My website is entirely flash based, it moves around a 3D model which was given to me as chunks of video that I've converted to FLV files. I'm using the FLVPlayback component to control the video inside of my program. While running memory checks using System.totalMemory I've noticed that whenever a video is loaded, it will eat up a chunk of memory and even when I remove all the event listeners from it(they are all weakly referenced), remove the component from its parent, stop the video and null the component instance, it still will not give that memory back.

This has been bothering me since I started working on this project because of the huge amount of video a user can potentially instantiate and load. Currently every video is loaded into a new FLVPlayback instance whenever it is required, but I have read that perhaps the best way to go about this problem is to simply have a global FLVPlayback instance and just reload the new video into the old instance, that way there would only be one FLVPlayback component in the application's memory.

Has anyone else run into this problem as well? Have you found a better solution than using a global instance that you just re-use for every new video?

+1  A: 

You can't help the memory problems much until Flash adds destructors and explicit object deletion, unfortunately. See this thread:

There's a limit to how much memory Flash applets can use; the GC seems to fire upon reaching that limit. I've seen my memory-easy applets use as much as ~200MB, just because they run for hours on end and the GC doesn't want to kick in.

Oh, and I don't think using a single instance is an elegant solution, either. Currently I just write a dispose() function for my custom classes, waiting for some day when it can be turned into a proper destructor.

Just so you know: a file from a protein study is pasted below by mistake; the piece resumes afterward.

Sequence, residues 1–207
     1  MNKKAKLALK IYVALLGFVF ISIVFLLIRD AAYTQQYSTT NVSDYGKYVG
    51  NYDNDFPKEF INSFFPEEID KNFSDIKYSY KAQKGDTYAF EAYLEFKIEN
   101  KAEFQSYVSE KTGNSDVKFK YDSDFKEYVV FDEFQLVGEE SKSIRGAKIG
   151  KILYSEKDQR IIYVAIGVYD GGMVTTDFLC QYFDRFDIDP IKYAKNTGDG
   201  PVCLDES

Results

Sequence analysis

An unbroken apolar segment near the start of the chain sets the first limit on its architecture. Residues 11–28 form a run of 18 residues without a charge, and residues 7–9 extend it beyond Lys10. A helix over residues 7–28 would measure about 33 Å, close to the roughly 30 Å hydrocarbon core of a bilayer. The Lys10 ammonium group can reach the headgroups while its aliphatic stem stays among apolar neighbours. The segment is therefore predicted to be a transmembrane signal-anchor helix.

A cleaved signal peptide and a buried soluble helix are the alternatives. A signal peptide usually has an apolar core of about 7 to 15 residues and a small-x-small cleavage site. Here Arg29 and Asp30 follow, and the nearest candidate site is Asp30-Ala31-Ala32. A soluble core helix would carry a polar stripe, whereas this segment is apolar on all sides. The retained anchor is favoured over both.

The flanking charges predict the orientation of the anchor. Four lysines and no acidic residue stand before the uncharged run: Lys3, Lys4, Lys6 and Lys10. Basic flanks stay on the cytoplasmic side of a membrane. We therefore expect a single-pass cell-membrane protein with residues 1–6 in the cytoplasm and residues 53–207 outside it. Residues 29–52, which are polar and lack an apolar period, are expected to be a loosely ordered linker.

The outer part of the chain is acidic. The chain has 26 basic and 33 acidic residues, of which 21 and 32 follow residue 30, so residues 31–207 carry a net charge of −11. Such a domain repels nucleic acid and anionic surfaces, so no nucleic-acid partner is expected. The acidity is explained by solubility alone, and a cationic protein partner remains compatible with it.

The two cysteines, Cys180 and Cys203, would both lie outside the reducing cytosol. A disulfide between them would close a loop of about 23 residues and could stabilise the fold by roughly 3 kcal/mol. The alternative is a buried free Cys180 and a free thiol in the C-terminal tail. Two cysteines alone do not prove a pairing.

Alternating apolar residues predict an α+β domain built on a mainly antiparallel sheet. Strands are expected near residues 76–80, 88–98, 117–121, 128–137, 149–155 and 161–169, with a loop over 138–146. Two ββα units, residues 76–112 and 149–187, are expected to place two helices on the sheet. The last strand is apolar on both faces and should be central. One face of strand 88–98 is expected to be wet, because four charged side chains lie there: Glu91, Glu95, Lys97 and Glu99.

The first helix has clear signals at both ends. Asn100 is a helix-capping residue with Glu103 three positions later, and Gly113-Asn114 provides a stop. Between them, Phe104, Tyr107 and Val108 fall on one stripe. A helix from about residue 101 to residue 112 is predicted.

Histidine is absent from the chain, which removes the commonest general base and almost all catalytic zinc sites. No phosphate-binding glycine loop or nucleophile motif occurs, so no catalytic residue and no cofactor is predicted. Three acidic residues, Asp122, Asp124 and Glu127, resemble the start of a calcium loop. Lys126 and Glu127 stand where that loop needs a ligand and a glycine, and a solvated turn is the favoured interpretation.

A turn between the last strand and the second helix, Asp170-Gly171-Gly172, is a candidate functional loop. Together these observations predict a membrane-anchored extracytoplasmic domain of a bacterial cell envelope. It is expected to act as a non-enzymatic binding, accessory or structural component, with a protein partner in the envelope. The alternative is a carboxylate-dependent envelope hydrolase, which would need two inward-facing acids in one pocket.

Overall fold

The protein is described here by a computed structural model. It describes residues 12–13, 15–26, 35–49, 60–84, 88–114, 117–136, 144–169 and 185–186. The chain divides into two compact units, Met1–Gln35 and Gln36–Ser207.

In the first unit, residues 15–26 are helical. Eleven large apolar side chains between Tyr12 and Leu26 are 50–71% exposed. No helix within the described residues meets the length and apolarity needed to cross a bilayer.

Unfortuantely, thats just the way flash handles it. Not particularly smart, but it works for most people.

+2  A: 

I've never really liked the components, they're a bit dodgy. This particular problem seems to be common, and the somewhat annoying solution is, as you're suggesting, to only have one FLVPlayback and reuse that.

Here's a blog post about it

+1  A: 

Thanks for the responses, the links to the other blog questions were helpful as well, I had read all of Grant Skinner's info on garbage collection too, but searching through those links and going back and re-reading what he had originally said about GC helped refresh the old noggin. In addition to nulling and re-instantiating that single FLVPlayback component, I also realized that I wasn't correctly unloading and destroying my Loader instances either, so I got them cleaned up and now the program is running much more efficiently. I would say the memory usage has improved by around 90% for the site.

@aib I will admit the single instance solution isn't elegant, but because flash just won't let go of those FLV files, I'm kind of stuck with it.

@grapefrukt I detest the flash components, they typically cause more grief than time saved, however in this case I had a lot of cue points and navigation stuff going on with the video files and the FLVPlayback component was the best solution I found. Of course I'm still fairly new to the actionscript world so perhaps I over-looked something

I also wish I had the reputation to upvote both of your answers because they were both helpful... c'est la vie


From what I gather after a lot of testing is that flash dynamically loads in libraries and components as needed but never garbage collects that data. For instance, if I have a website or an Air app that uses the FLVPlayback component, the actual component and libraries associated with it aren't loaded until a new FLVPlayback() instance is created. It will then load in the library and component into memory but you will never get that space back until the program / website is closed. That specific instance with the video inside of it will get garbage collected and release some memory as long as you remove listeners from it, take it off the stage, and set it to null.

Also, if you are doing individual videos, the VideoPlayer is much lighter weight, and cleans up nicer.